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A guide to service charges

Your share of the landlord’s costs is known as a service charge. These vary considerably. Service charges for flats in tower blocks can be very high, especially when a block is quite old and needs a lot of refurbishment. Here are two examples of service charge bills:

Service charges bill example 1

Service charges bill example 2

There are two kinds of service charges: annual charges for day-to-day maintenance and major works service charges (a lump sum, which can be £20,000 or even more) when a lot of repair or refurbishment work is needed. To get a rough idea of how high service charges are in your block, it is worth asking someone who has already bought a flat in it what charges they have had to pay. Or you could contact your local residents’ or leaseholders’ association.

If you decide you want to buy, your landlord must tell you how much the property will cost and they must also give you an estimate of any service charge you will have to pay during the first five years of your lease. If the lease says you must pay some of the costs of improvement, the estimate must cover these too. Once they have given you an estimate, the landlord is not allowed to charge you more than that figure during the first five years of your lease, except to take account of inflation.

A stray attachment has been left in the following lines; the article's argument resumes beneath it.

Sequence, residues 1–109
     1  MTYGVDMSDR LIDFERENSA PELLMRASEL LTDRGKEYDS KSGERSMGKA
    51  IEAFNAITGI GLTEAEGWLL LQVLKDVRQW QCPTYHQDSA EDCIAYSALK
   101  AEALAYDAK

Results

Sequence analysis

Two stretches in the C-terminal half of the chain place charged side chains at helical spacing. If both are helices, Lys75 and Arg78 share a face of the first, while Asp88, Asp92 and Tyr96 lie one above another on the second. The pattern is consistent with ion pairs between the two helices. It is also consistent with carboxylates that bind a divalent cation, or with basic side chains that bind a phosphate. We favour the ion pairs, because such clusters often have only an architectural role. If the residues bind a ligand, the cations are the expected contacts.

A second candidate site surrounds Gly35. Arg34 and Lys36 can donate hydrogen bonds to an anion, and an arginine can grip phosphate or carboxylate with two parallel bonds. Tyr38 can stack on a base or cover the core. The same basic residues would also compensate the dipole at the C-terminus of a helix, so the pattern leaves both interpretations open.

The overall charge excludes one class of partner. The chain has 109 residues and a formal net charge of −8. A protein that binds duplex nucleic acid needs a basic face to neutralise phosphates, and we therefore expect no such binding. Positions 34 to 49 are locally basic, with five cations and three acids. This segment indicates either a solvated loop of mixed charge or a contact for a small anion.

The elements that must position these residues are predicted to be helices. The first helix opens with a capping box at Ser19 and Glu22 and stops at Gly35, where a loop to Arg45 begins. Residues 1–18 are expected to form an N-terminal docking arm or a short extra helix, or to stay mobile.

There is no special limit on charges for repairs carried out after the first five years. You need to remember that you may have to pay ‘major works’ service charges whenever your block is repaired. There are several schemes to help pay your service charges – ask your landlord about them.

Some freeholders may also have to pay service charges for the repair and maintenance of shared communal areas on an estate – for example, pathways, play areas and gardens.

For more detailed information about service charges, read our Guide to Service Charges part 1 and Guide to Service Charges part 2.

The estimate of service charges before you buy will also cover charges for building services such as caretaking or the provision of hot water. But charges of this kind can change, even during the first five years of a lease.

You will be told about any known structural defects affecting the building. If your landlord wants you to pay for work to put them right during the first five years, the estimate of service charges for repairs must cover this. But you may also have to pay for some of the costs of work done after the first five years.

You may have the right to a loan from your landlord to help pay a service charge for repairs during the first 10 years of your lease. The service charge bill will say if a loan is available.

The law protects you from service charges that can be shown to be unreasonable.